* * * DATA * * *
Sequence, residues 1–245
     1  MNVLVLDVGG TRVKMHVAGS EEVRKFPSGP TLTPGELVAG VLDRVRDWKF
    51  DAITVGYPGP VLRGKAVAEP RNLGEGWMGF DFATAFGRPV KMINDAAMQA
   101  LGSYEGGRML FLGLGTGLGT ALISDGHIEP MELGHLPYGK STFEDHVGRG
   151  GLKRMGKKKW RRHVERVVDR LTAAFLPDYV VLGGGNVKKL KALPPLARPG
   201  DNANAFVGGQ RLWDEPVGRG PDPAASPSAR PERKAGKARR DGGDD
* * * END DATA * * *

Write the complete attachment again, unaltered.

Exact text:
Sequence, residues 1–245
     1  MNVLVLDVGG TRVKMHVAGS EEVRKFPSGP TLTPGELVAG VLDRVRDWKF
    51  DAITVGYPGP VLRGKAVAEP RNLGEGWMGF DFATAFGRPV KMINDAAMQA
   101  LGSYEGGRML FLGLGTGLGT ALISDGHIEP MELGHLPYGK STFEDHVGRG
   151  GLKRMGKKKW RRHVERVVDR LTAAFLPDYV VLGGGNVKKL KALPPLARPG
   201  DNANAFVGGQ RLWDEPVGRG PDPAASPSAR PERKAGKARR DGGDD